Cat skeptics seem to always say the same things. To them, cats are lazy, boring and mean, but cat owners know this to be far from the truth. We know cats to be intuitive, curious, loving, agile, and the list goes on.
In an article for petMD, Dr. Lorie Huston, DVM, explained that a cat’s brain accounts for just 0.9 percent of its body mass. Small, yes, but ask any cat owner if they think their cat is intelligent and the answer will likely be a resounding yes. Sure, they spend a fair amount of time snoozing, but cats can learn to perform some pretty amazing skills when they’re awake, like ringing a bell for food.
That said, much like people, some cats are smarter than others. Here are six of the most intelligent cat breeds, according to Purina’s research. Other resources feature additional breeds, but these six managed to make multiple experts’ lists.
The Abyssinian’s origins are somewhat difficult to trace, but they are commonly thought to be from Egypt, a country which was known to worship cats, Ethiopia or Southeast Asia. Sometimes referred to as “the Border Collie of the cat world,” Abyssinians are energetic and intelligent. They can jump up to 6 feet, and have been known to open doors and play fetch. Abyssinians usually don’t like to be cuddled, but their loyalty and curiosity will have them following you around everywhere you go. “Paws off” doesn’t mean much to Abyssinians; they love exploring and getting into things, which also makes them good candidates if you’re looking for a cat who can be leash-trained.
The Bengal cat came to be after an Asian Leopard cat was bred with domestic cats in 1963. Its exotic, leopard-like spots make the Bengal one of the most popular breeds today, but owners must be prepared for more than good looks with this cat. Bengals are high-energy, athletic cats. Much like the Abyssinian, they are great jumpers and like to follow you around and investigate whatever it is you’re working on. Bengals love getting into things when they’re bored, and will even take things apart to see how they work, so don’t leave them alone for too long. Bengals have also been known to have secret hiding places–you might just lift the couch one day and find a pile of kitty collectibles!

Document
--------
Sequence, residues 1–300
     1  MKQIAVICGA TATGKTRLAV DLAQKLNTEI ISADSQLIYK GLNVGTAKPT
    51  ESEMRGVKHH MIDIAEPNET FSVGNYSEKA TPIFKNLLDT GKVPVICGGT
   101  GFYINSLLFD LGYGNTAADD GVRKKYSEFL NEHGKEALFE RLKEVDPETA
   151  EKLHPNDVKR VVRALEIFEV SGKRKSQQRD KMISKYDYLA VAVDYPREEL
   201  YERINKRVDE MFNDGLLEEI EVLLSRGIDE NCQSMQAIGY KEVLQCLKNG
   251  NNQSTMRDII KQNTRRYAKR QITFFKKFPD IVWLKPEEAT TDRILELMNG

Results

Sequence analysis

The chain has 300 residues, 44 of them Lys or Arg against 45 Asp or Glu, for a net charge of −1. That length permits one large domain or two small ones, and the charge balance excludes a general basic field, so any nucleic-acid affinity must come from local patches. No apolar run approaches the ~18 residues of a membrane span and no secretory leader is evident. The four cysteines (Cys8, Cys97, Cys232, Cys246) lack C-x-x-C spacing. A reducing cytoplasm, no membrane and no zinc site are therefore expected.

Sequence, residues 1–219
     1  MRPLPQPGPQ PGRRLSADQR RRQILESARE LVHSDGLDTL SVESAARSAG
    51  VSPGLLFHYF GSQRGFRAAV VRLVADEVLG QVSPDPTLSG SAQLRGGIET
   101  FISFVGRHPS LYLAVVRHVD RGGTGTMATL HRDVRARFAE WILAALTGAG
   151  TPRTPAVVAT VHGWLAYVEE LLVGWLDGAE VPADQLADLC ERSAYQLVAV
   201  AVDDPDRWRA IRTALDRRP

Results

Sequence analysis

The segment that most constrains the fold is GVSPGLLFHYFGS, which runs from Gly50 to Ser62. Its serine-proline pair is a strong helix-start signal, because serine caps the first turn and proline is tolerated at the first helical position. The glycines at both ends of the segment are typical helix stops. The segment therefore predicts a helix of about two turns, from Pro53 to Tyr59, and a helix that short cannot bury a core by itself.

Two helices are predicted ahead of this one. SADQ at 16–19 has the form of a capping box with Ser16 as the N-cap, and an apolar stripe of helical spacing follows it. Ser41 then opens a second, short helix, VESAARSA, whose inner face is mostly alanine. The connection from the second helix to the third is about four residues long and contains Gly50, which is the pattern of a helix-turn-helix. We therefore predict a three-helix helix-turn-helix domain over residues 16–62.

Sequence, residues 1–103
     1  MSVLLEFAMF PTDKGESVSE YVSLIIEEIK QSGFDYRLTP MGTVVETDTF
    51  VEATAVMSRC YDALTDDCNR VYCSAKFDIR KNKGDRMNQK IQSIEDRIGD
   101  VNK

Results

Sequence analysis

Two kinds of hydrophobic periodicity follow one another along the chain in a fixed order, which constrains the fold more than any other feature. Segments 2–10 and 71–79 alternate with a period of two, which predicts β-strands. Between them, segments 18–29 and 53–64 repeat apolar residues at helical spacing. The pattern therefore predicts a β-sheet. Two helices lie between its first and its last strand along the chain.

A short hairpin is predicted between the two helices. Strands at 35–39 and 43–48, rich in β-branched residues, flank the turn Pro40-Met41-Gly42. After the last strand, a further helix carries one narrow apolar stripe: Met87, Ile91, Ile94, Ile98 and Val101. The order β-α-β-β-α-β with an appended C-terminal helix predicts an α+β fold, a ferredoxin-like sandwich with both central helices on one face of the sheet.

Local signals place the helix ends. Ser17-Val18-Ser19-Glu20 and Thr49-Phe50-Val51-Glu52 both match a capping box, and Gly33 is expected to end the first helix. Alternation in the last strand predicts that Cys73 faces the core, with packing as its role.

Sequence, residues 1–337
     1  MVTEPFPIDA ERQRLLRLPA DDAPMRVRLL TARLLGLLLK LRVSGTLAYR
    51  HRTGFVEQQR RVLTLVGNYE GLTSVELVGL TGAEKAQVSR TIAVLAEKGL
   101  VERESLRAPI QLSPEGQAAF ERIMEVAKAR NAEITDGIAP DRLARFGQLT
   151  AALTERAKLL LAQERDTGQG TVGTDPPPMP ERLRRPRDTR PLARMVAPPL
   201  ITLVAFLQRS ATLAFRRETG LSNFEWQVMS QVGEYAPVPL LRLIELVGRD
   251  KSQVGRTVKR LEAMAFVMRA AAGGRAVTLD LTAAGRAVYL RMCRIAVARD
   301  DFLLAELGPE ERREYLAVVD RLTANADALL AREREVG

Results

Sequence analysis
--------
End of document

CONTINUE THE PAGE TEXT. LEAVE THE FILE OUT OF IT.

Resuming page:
Yet again, the Burmese is a cat you can expect to become your furry feline shadow. Their origins are in Southeast Asia, and they are extremely vocal and affectionate cats. Burmese are highly intelligent learners, and owners are encouraged to present them with food puzzles and teach them tricks because they love to exercise their brain.
The Cornish Rex originates from Cornwall, England. They’re social cats, and like to be involved in all your household happenings. The Cornish Rex can often be found perched up high, where they can easily track their surroundings. Their intelligence manifests in a desire to be the center of attention; they will play fetch and can be taught to do tricks to wow their audience.
You guessed it–Scottish folds are from Scotland. They are social and like to follow their owners around, and when they’re not actively entertaining you, you can expect to get a good laugh from their odd resting positions, one of which has been coined “the Buddha.” Scottish Folds are known to open cabinets in hopes of finding something to play with, or better yet, something to snack on. Like the Burmese, Scottish Folds do well with food puzzles.
The Singapura’s origins are up for debate. Some say they’re from the U.S., and others insist they’re from Singapore. They are thought to be a mix of the Burmese and the Abyssinian, so it’s no wonder they’re regarded as one of the smartest breeds. They’re also one of the smallest, weighing just four to seven pounds as adults. Singapuras are vocal busybodies, and live by the phrase “what’s yours is mine.” They will consider all your belongings theirs to play with, and if you tell them “no” now, they’ll probably come back later.
Even the smartest cats have their quirks, and it’s important to be aware of them and make sure you can properly care for the breed you’re considering. Check out Vetstreet.com for additional information on these six cats’ personalities, health concerns, care tips and more.